Too many medications? This tool says which ones can go

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An electronic tool called MedSafer could help doctors and pharmacists reduce medication overload among elderly patients, research finds.

Elderly people often take multiple prescription medications for different health conditions. While some medications are needed, polypharmacy and medication overload can be costly and even harmful. However, reducing the number of potentially inappropriate medications that seniors take on a daily basis is an ongoing challenge.

“A prescription check-up is a complex process for interprofessional teams and often involves complicated decision-making,” says Emily McDonald, first author of the study, scientist at the Research Institute of the McGill University Health Centre (RI-MUHC), and physician in the Division of General Internal Medicine at MUHC.

“In addition, cross-referencing multiple medications and medical conditions for a large number of patients requires time and resources that are not always available.”

Is this patient on too many medications?

MedSafer makes it easier for doctors and pharmacists to quickly review the drugs a hospitalized senior is taking and recommend the ones the medical team may want to consider reducing or stopping.

More precisely, it identifies potentially inappropriate medications and generates “deprescribing opportunity reports” for the treating teams. It can identify all the rules for deprescribing included in the lists of the American Geriatrics Society’s Beers Criteria, the Screening Tool of Older People’s Prescriptions (STOPP), and Choosing Wisely.

“The tool is a timesaver for health professionals,” says Todd Lee, co-lead author of the study, scientist at RI-MUHC, and associate professor of medicine at McGill University. “Quick access to up-to-date recommendations can help them replace or even stop certain inappropriate medications in a safe manner. It acts as a road map for the prescriber.”

“Some medications cause memory problems and increase the risk of falls, hip fracture, and trips to the emergency department,” adds McDonald, who is also an assistant professor of medicine at McGill University. “Performing a prescription check-up and stopping medications that might be problematic is important for seniors so they can maintain their independence, mobility, and cognition.”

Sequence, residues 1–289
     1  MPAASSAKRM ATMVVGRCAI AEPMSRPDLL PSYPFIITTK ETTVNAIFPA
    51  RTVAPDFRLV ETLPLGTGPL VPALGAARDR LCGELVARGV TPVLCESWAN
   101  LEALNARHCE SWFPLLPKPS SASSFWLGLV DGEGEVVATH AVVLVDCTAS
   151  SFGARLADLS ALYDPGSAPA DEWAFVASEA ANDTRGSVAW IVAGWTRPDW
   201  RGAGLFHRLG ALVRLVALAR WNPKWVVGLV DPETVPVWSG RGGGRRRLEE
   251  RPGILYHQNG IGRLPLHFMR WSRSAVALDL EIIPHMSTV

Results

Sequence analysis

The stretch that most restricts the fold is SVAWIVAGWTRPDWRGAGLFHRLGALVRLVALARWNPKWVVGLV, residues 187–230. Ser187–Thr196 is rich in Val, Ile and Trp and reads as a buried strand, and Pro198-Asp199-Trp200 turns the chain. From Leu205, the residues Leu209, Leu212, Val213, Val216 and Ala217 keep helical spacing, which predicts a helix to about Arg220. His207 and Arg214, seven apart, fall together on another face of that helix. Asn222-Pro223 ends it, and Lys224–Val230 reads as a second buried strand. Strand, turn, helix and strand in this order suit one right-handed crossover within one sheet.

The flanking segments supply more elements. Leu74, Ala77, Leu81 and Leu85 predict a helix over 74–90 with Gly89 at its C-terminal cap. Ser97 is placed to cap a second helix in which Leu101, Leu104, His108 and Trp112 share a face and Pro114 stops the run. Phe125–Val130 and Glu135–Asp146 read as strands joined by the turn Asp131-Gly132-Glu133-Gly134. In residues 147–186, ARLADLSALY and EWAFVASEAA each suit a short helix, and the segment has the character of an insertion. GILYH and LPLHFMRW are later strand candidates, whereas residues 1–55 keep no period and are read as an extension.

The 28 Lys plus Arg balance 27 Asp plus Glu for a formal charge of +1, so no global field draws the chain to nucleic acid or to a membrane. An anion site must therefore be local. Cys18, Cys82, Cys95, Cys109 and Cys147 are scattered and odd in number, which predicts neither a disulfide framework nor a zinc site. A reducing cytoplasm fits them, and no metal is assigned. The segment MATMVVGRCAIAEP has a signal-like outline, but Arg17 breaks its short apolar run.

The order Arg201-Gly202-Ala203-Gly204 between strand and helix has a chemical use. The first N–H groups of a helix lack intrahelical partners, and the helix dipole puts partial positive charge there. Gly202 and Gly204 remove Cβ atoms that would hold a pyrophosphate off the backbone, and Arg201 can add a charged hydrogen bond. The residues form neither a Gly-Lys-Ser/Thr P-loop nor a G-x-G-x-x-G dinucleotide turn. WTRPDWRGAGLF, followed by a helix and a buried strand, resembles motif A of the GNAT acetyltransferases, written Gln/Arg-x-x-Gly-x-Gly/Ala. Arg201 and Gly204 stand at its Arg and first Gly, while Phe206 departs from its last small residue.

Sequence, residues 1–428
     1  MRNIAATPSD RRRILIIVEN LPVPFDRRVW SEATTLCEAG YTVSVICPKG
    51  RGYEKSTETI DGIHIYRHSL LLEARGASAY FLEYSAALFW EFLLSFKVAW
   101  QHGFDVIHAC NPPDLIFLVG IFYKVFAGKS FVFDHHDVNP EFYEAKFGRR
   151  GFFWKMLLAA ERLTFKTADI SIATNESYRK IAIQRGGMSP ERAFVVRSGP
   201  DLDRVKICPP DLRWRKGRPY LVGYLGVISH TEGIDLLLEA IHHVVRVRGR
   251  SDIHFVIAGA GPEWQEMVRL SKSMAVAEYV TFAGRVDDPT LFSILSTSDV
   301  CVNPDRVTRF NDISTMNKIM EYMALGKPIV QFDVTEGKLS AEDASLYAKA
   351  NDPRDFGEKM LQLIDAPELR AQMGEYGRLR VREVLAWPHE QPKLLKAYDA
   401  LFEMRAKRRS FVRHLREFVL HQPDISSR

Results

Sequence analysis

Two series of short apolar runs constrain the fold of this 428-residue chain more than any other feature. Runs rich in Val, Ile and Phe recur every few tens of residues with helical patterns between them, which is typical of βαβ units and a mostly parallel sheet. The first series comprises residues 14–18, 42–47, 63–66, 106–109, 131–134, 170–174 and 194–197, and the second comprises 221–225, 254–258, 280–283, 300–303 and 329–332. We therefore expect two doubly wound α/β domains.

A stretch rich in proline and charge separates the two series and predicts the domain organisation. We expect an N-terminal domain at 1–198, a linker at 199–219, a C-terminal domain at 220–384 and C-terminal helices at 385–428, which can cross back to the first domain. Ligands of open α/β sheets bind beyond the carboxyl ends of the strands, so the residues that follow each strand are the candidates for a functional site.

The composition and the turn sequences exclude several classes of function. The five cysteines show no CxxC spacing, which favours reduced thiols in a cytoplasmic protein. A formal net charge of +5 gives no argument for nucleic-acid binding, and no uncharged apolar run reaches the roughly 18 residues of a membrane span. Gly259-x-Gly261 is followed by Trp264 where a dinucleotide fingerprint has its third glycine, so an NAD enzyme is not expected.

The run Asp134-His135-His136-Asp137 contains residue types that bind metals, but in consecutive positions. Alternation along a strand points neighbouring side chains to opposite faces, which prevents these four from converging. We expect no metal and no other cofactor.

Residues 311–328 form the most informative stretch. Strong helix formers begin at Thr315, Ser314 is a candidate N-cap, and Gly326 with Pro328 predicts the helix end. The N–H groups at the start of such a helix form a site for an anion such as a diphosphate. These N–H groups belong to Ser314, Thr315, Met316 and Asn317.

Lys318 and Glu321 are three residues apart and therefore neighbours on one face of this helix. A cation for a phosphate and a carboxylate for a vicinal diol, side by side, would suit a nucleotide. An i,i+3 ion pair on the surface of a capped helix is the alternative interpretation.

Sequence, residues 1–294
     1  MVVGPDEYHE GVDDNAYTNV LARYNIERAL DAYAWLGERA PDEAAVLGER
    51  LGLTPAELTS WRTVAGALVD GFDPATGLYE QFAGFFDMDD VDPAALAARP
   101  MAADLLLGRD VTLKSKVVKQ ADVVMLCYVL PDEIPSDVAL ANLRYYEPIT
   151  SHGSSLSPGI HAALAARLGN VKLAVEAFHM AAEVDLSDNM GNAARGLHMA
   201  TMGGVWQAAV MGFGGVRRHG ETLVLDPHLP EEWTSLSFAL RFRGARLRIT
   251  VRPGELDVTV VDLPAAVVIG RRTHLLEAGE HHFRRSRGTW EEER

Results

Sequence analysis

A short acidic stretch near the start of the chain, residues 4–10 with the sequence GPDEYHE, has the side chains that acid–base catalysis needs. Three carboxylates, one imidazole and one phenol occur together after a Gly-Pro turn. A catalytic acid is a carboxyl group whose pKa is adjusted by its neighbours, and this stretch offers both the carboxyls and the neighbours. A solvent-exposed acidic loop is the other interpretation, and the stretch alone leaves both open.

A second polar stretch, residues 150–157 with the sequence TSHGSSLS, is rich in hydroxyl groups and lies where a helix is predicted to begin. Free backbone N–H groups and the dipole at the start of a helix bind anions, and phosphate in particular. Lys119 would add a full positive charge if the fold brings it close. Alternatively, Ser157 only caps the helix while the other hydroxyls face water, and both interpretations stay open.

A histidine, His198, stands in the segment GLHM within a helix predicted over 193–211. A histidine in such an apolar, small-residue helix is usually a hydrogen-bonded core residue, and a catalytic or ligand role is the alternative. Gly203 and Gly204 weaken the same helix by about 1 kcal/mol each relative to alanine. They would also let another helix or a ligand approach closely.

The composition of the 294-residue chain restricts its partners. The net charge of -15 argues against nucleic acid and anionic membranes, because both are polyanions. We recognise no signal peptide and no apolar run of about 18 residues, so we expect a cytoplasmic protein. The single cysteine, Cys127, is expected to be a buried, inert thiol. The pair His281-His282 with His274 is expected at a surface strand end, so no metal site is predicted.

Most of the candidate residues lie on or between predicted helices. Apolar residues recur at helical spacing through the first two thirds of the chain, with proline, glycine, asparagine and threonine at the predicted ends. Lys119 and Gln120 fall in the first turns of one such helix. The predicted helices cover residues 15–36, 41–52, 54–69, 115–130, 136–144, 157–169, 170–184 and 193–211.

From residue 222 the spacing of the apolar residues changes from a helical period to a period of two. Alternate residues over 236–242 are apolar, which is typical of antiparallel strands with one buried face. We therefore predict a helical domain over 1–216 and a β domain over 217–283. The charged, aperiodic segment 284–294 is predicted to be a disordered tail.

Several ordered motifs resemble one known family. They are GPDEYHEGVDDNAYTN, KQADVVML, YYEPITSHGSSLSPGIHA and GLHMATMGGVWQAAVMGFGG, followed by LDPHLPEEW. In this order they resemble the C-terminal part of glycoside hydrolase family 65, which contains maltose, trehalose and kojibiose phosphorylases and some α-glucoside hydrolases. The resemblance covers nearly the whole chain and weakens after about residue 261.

Susan Bartlett’s mother participated in the study. She reflects on her experience:

“When she entered the hospital after a fall, my mother was taking about fifteen medications a day,” says Bartlett. “I was worried about all these medications in an older person, and I often talked to her doctors about it. But they seemed reluctant to make changes in case it would create new issues. Being part of this study, her doctors were able to immediately see medications she could potentially reduce or stop taking. We were both delighted to learn this.”

Opportunities to deprescribe

This before-and-after pilot study took place on four internal medicine clinical teaching units in Montreal, Ottawa, and Toronto between September 2016 and May 2017, with 1,066 patients aged 65 years and older. Patients had an expected prognosis of at least three months and were taking five or more usual home medications at the time of admission. MedSafer identified at least one potentially inappropriate or harmful medication in 82% of all participants.

In the baseline phase, 418 patients received usual care, while in the intervention phase, 455 patients were assessed with the help of MedSafer. Clinical teams were free to choose how to react in response to the “opportunity reports” that the electronic tool provided.

To avoid issues of multiple hypothesis testing, researchers took into consideration variables that could possibly interfere with the relationship between the intervention and the outcome, such as age, sex, language, frailty, and the number of drugs taken before admission, among others.

In the intervention phase, researchers observed an increased proportion (8.3%) of patients who had one or more PIMs deprescribed at hospital discharge. Researchers also looked at a secondary outcome—the occurrence of adverse events and adverse drug events within 30 days of hospital discharge. After a month, 410 patients were interviewed, and within that group there was no increase in adverse events from having stopped medications identified by MedSafer.

“My mother and I had been hoping to safely reduce the number of medications she was taking for more than a decade,” says Bartlett. “I’m really excited to know there is something that can help doctors everywhere. We need tools that make it easier for physicians to know when and how to reduce medications, especially in the elderly. This is an essential but overlooked part of seniors’ care.”

The study appears in the Journal of the American Geriatrics Society, and the tool will be adopted in New Brunswick’s long-term-care units and in several facilities in Ontario.

The research team is now developing a version for patients and is working on a larger study of 6,000 patients in 11 hospitals across Canada, with the goal of investigating the impact of the tool on the prevention of adverse drug events.

Funding for the study came from the Canadian Institute for Health Research (CIHR); the Canadian Frailty Network, and the Fonds de recherche du Québec – Santé (FRQS).

Source: McGill University